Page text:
Is Qatar a Frenemy?

Seasoned observers of the Middle East Region say that Qatar under the two century rule by the Al-Thani family “has been punching internationally above its weight class” to use the boxing analogy. Yet Qatar has often been referred to as a Frenemy.  Not exactly a friend, not exactly an enemy.

On the friend side Qatar has assisted in building several major bases including the forward command center at al-Udeid air base for the US Central Command, headquartered at MacDill Air Base just outside Tampa, Florida. Qatar has supplied air contingents in the US-led coalition of 60 countries seeking to “degrade and destroy” Sunni extremist group, the Islamic State, formerly ISIS. The capital, Doha has been turned into an international education hub for the Middle East with the aid of US academic institutions and think tanks like the Doha Center of the Washington, DC –based Brookings Institution.  Qatar has created jobs here in the US by purchasing $19 billion  of 50 Boeing 777s  for expansion of its Qatar Airways in major hubs  Dallas, Miami , Philadelphia to bolster existing facilities in Houston, Washington, DC, New York and Chicago .  Further, Qatar has signed agreements with the Pentagon to purchase more than $11 billion in Patriot Missiles, Apache helicopters and Javelin anti-tank missiles. Moreover, it acquired the Current TV channel, now Al Jazeera America, from former Vice President Al Gore and investors.

On the other hand, there is a troubling story.  Qatar in a New York Times op-ed by Israeli Ambassador to the UN Ron Prosor called Qatar a “Club Med for Terrorists”. He was referring to providing sanctuary for Khaled Meshaal, the billionaire leader of Hamas.  Dr. Jonathan Schanzer of the Washington, DC-based Foundation for Defense of Democracies in testimony before the Joint Subcommittee on Foreign Affairs on September 9, 2014 said “that Qatar is currently Hamas’ ATM”:

“If you add up the annual $400 million that we believe has been pledged by the Qataris and perhaps the rumored $300 million provided by the Turks, then you’re looking at $700 million out of a roughly $1 billion budget,” Schanzer told members of Congress. “I’m no math major, but that would be 70 percent.

Earlier this year three Arab states of the Gulf Cooperation Council, Bahrain, the UAE and Saudi Arabia, briefly withdrew their Ambassadors from Qatar.  They were, among other reasons, objecting to the Qatar funded Al Jazeera satellite TV network broadcasting across the region in Arabic the extremist inflammatory statements of exiled Egyptian Muslim Brotherhood preacher, Yusuf al Qaradawi.  In November 2014, the UAE joined Saudi Arabia placing the Muslim Brotherhood on its list of world terrorist organizations, including Hamas and, here in the US, Muslim Brotherhood affiliates, the Council of American Islamic Relations and Muslim American Society.

There are questions about what Qatar is doing concerning wealthy Qataris who have funded Al Qaeda affiliate Jabhat al-Nusrah and the Sunni fundamentalist Islamic State in both Syria and Iraq.

There have been  accusations that some of the $220  billion funds for the infrastructure  in preparation for 2022 FIFA World Cup competition may have involved bribes to FIFA officials and  possible  diversion of contractor payments  to fund the Jihad of the Islamic State.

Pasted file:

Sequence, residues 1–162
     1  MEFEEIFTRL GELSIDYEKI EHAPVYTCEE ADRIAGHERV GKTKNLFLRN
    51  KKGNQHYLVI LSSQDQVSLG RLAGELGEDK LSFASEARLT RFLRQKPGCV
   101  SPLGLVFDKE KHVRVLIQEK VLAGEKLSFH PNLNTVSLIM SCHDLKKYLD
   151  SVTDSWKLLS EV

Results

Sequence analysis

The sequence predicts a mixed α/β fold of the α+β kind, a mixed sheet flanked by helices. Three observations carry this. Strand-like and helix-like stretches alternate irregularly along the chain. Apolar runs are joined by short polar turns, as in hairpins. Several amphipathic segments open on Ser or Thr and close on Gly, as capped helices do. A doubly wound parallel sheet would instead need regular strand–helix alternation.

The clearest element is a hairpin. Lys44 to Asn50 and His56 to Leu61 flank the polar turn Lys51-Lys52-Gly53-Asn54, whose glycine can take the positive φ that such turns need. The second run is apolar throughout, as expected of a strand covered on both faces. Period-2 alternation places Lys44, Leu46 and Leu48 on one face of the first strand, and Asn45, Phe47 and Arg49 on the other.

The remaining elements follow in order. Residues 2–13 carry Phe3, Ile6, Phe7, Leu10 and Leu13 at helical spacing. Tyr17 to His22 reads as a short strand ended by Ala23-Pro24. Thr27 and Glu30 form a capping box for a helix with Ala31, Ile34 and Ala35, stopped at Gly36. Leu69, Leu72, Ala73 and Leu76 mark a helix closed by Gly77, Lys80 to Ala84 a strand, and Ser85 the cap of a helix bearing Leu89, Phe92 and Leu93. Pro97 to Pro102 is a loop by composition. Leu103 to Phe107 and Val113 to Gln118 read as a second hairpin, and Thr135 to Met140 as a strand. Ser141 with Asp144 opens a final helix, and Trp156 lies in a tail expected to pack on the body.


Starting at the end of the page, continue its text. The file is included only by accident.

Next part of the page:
Some Members of Congress have called for black listing both Qatar and Turkey because of these individuals’ contributions to ISIS, even suggesting that the U.S. move CENTCOMM bases in Qatar elsewhere in the region. Those accusations led the US State Department while calling the current relationship with Qatar “productive”, to also state that “disruption of terrorist financing by Qatari individuals and charitable associations remains inconsistent”.

Conclusion

Qatari Ambassador Al-Kuwari’s Pensacola presentation will doubtless be repeated frequently during his Washington, DC posting. After all the campaign is laced with prospects of American communities and businesses receiving billions in economic rewards.  If Qatar is to succeed it might wisely follow the path of fellow Gulf Cooperation Council member Kuwait and rein in terrorist financiers in the tiny state. Qatar might start by honoring the Interpol Red Tag warrant for the arrest and extradition of Muslim Brotherhood preacher Al Qaradawi.  As to fostering peace between Israel and the Palestinians, if Qatar’s track record negotiating cease fire proposals with Turkey on behalf of Hamas in the recent summer Gaza war is any indication, that is an unlikely prospect.

Listen to the Qatar Ambassador’s Pensacola Tiger Bay Club presentation.

EDITORS NOTE: This column originally appeared in the New English Review.

Israel’s “Long War”

Tom Jocelyn, the American counter terrorism expert and Senior Fellow at the Washington, DC-based Foundation for Defense of Democracies is the editor of The Long War Journal. It is a chronicle of the global Islamic jihad in the 21st Century, now in its 13th year. The global jihad was sparked by what the US State Department has taken to calling “core Al Qaeda”, most dramatically with 9/11. Subsequently it has metatisized driven by the Salafist doctrine seeking to replicate the great barbarism of the first jihad that burst out of the Arabian peninsula 14 Centuries ago. In many instances it has been a long war against indigenous populations, both Muslim and not. In the later case, it has witnessed the self-declared Caliphate of the Islamic State, formerly ISIS, confronting non-Muslims with the choice to convert, be subjugated, leave or be killed. It is sacralized barbarity emboldened with arms and advanced military technology abandoned by fleeing armies. It is financed by extortion and billions in booty, money seized in conquered territories and oil resources.